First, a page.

Tony Hawks hitchhiked around Ireland with a mini-fridge. Comedian-cum-travel writer Pete McCarthy never passed a bar with his name on it. And now we have David Monagan packing up his family and transferring them from Connecticut to Cork, chasing a dream of the Ireland he fell for as a younger man.
Both Monagan and his wife have Irish heritage. He spent a year studying at Trinity during the Seventies and honeymooned in Ireland 10 years later. Then when life in Cornwall, Connecticut, no longer fulfilled him, Monagan packed his suitcase and permanently relocated. The move spawned Jaywalking with the Irish, A Year in Provence-style acclimatisation tale and a very entertaining account of adjusting to life in a "brooding island that inspires, baffles and wounds with equal sport".
In his latest outing, Ireland Unhinged, Monagan has reset his cast of Oirish characters in an update of how the American family experienced Ireland as it went from boom to bust. Part travelogue, part memoir, Ireland Unhinged is a rollicking ramble in which Monagan makes his inimitably wry observations as well as detailing the practicalities of his children adjusting to local schools and dealing with quirky European appliances.
He has settled into life in a cottage in Ballyduff, along the Blackwater River, but regularly ventures outside this bucolic existence to check out what's going on in the country at large. The cast contains white witches, Belfast monks and author JP Donleavy. Monagan is possible the number-one fan of Donleavy's brawling, boozing, womanising The Ginger Man and he travels to meet the reluctant recluse in his Mullingar mansion. A fascinating chapter is devoted to the encounter. Donleavy is a generous host and regales his visitor with stories of life in boho post-war Dublin and of punching Brendan Behan.
There are lots of other good yarns here too. Anecdotes from the pubsters in Cork's Hi-B bar are hilarious. Monagan seeks out a long-lost cousin whose gate bears the sign "No more vehicles up the lane -- the Gardai". The ensuing reception isn't the friendliest so Monagan heads off to the Flat Lake Festival. Cue some entertaining encounters with Patrick McCabe and Seamus Heaney. "Yet another face of Ireland -- inspirational despite all odds and changes -- had been revealed, grinning in the dawning sun," Monagan concludes.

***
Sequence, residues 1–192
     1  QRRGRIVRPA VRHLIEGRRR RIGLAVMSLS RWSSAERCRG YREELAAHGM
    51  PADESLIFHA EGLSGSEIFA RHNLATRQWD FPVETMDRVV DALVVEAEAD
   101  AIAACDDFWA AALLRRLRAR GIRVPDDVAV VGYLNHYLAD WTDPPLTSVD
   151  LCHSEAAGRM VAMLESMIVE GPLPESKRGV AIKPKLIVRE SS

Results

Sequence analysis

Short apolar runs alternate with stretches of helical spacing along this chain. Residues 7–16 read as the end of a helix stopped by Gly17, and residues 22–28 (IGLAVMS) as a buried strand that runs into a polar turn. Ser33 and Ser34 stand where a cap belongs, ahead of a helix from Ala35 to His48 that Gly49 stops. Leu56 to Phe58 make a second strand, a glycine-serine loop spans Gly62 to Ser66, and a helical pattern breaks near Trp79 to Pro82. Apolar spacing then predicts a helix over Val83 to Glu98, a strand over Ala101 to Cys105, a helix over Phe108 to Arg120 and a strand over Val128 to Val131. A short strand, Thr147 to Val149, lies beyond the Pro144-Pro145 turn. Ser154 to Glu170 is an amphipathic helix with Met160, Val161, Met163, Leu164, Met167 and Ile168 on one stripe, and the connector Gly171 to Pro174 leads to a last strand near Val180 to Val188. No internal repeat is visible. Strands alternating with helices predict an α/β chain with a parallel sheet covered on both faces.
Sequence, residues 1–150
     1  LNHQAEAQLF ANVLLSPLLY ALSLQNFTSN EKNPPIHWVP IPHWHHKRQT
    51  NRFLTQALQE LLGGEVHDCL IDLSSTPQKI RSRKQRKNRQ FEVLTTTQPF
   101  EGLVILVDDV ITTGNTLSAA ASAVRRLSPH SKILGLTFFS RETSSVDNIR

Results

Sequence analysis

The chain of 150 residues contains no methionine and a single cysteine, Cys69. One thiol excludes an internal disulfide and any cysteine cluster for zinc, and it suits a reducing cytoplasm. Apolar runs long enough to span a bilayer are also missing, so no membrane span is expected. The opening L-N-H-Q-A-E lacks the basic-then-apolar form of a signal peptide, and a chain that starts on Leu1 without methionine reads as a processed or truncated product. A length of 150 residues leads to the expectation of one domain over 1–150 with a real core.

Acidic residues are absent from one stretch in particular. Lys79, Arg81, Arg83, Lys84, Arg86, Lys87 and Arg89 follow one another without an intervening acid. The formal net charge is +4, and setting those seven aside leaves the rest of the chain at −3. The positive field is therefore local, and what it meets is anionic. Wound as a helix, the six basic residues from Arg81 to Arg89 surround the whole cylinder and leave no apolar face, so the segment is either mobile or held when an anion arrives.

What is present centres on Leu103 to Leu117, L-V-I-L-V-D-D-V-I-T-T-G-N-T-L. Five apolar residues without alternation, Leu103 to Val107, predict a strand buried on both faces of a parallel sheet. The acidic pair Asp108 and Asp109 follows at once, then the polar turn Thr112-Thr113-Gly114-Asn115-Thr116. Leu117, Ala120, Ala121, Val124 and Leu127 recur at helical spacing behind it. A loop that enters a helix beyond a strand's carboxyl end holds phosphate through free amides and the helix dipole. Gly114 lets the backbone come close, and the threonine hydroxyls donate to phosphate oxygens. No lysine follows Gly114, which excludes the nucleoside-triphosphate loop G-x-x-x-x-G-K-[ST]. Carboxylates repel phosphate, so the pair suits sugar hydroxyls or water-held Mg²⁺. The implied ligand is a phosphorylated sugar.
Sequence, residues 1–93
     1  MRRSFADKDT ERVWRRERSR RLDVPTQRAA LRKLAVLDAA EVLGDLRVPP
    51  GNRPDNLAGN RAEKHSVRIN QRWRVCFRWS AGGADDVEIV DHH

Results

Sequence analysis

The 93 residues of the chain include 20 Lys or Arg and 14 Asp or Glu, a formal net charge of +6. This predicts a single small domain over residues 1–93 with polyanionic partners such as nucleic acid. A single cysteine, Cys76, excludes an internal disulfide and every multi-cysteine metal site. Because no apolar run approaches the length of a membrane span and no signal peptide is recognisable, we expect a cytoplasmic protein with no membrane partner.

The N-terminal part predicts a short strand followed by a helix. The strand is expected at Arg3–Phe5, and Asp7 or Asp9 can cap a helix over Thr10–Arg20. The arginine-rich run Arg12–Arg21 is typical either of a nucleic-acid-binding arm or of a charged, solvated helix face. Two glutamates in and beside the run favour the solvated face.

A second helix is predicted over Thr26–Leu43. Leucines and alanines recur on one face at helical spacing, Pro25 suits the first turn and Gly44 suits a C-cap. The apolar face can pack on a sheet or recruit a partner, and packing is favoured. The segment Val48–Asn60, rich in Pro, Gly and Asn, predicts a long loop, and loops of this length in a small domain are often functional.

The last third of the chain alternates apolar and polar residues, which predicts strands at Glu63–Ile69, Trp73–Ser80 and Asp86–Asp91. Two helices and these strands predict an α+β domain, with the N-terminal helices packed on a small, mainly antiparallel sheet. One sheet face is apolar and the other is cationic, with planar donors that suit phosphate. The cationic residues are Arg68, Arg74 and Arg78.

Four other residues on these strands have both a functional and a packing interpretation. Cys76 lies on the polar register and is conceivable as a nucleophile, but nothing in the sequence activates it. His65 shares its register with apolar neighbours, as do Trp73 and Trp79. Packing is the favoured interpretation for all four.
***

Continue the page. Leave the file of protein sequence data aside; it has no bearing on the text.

He writes of "Barney Rubble-faced Bertie" and the leniency with which he was treated at a tribunal as the "populace mostly sighed and looked away, complacently reasoning that the amounts in question seemed small."
There are times when you feel that Monagan is scratching around for stories and looking for Ireland in all the wrong places. "What is Ireland? Has it lost its soul?" is a constant refrain as Monagan laments that so much of what endeared Ireland to him was lost in the vulgarity of the boom times, "a litany of runaway materialism, instant gratification, increasing hooliganism, and excess of every stripe".
The litany of stereotypes can begin to grate. Courtmacsherry becomes "a small drinking village with a fishing problem". All the usual cliches are here: breakfast rolls, oompa loompa fake bakes and shady property developers. Many of his characters, such as the eco-warriors, seem implausibly one-dimensional. And Monagan often departs on meandering self-indulgent tangents, particularly when describing the minutiae of his family's life.
But Monagan's conversational style is always engaging and in Ireland Unhinged he has produced a picaresque, affectionate and timely portrait that allows us a glimpse of how others see us now. Malachy McCourt calls it "one of the best books about Ireland in these last few years". It certainly comes close.
Sunday Indo Living